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“Buying this Instagram workout will give me my dream body"

“Buying this Instagram workout will give me my dream body"
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If there’s one thing social media does really well, it’s sell dreams – and products to “help” you achieve those dreams. But rarely will you find what you’re lacking by poring through other people’s feeds and timelines, Dr. Talley says. And if you’re looking to lose weight, chances are it’ll mainly be your wallet that ends up lighter. “My advice for someone who struggles with this is to do a ‘cleansing fast’ of Instagram, Facebook, and the like then use that extra time to build deep, genuine relationships with a small number of people in real life,” he adds.

Reframe it: “There aren’t any shortcuts. It will take hard work to get what I want, but I can do it.”

“I’m a hideous, fat slob”

“I’m a hideous, fat slob”
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“The unrealistic and unattainable beauty ideals in our culture have led to 91 percent of women being unhappy with their appearance at one point in their lives,” says Susan Edelman, MD, psychiatrist, and author of Be Your Own Brand of Sexy. And it’s not just women – many men feel self-conscious about their looks as well. This can lead to dangerous dieting behaviours, depression and anxiety.

Reframe it: “I want to be healthy and happy, not be a certain number on the scale.”

“I have to look like a model or I won't get a partner"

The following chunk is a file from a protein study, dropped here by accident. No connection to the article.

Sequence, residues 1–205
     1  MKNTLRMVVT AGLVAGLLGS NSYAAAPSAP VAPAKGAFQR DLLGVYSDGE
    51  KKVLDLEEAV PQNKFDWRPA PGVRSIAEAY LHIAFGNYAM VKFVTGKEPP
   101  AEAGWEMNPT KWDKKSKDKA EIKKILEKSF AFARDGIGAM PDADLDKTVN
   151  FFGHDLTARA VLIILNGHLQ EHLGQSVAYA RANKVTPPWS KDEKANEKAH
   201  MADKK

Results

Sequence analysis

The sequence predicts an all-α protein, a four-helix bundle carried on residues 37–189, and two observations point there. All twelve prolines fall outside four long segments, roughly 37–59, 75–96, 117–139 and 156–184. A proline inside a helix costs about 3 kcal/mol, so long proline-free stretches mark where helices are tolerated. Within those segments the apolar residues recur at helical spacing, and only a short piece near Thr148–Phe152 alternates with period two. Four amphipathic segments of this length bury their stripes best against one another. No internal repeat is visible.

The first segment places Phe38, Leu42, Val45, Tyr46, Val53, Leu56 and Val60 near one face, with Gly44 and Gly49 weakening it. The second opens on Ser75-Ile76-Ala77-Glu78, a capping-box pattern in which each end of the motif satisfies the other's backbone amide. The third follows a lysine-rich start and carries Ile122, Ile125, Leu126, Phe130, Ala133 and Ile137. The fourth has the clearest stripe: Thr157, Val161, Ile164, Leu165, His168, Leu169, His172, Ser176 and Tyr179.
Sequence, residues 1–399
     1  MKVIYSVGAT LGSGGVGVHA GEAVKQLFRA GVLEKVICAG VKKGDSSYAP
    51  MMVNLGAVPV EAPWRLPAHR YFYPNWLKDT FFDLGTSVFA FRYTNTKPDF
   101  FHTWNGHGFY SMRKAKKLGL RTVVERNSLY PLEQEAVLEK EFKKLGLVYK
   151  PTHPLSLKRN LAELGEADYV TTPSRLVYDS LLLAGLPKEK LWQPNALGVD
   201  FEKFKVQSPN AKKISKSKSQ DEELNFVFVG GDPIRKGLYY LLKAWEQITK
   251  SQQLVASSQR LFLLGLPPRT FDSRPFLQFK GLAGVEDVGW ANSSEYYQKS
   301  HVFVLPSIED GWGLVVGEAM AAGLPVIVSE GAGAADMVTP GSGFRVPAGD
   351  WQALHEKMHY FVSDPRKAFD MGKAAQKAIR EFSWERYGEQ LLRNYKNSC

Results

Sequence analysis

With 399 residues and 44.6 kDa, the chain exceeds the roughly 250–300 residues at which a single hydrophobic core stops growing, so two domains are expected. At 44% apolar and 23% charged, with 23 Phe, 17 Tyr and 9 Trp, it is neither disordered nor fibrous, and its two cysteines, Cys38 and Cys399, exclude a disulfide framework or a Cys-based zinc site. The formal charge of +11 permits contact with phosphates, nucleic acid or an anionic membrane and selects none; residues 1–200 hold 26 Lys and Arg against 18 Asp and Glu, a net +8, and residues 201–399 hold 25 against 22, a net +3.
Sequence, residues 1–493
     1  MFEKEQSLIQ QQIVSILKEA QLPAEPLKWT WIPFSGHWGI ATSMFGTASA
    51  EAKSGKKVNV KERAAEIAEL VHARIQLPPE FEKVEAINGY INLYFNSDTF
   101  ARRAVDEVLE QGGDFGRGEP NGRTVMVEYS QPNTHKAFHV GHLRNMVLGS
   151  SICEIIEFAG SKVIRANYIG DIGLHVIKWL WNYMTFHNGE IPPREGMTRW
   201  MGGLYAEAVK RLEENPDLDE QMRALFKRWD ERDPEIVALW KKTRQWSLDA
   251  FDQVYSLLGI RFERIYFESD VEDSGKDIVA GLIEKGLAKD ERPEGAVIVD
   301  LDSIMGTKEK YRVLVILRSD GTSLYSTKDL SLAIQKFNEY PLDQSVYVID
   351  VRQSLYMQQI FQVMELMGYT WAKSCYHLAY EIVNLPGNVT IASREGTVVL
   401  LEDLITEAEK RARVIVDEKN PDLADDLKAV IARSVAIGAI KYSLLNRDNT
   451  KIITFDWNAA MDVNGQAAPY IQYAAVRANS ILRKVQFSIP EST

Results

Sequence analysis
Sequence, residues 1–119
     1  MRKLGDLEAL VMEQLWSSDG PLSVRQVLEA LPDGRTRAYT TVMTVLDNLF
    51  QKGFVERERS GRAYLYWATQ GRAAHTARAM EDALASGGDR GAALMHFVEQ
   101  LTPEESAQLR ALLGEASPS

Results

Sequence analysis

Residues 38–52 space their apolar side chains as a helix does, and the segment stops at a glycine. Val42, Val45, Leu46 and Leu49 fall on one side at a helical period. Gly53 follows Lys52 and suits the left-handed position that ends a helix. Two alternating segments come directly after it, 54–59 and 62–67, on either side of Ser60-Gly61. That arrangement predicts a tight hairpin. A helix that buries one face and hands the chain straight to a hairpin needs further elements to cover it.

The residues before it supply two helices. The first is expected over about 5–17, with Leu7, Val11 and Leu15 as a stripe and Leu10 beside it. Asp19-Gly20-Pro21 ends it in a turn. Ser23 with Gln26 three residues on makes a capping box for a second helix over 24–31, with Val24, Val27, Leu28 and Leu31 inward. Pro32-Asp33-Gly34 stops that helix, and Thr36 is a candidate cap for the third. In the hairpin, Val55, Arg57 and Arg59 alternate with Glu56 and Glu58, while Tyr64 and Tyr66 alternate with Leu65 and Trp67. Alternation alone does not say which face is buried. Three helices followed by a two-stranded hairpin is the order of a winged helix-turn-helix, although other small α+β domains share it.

“I have to look like a model or I won't get a partner"
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Let’s be honest: Most of us don’t look like models! And that doesn’t make us unworthy of love or a happy relationship. “How you treat people is much more important than your appearance,” Dr. Edelman says. “Being kind, generous, or a good listener is much more likely to help you to attract and keep a nice partner.”

Reframe it: “We’re all going to look different, that’s part of what makes us who we are.”

Think your sex life is over after you hit 40? Think again!

“I’m only successful if I’m better than someone else”

“I’m only successful if I’m better than someone else”
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Beating others out for a promotion or being the thinnest person at your high school reunion may feel good in the moment but in the long run, this urge to define yourself by being better than others will backfire, says Emily P. Lockamy, a therapist. “A more effective way to foster a positive sense of self is to develop self-compassion and self-appreciation,” she says.

Reframe it: “Success is being fulfilled, and the more fulfilment there is to go around, the better.”

“I need to do everything”

“I need to do everything”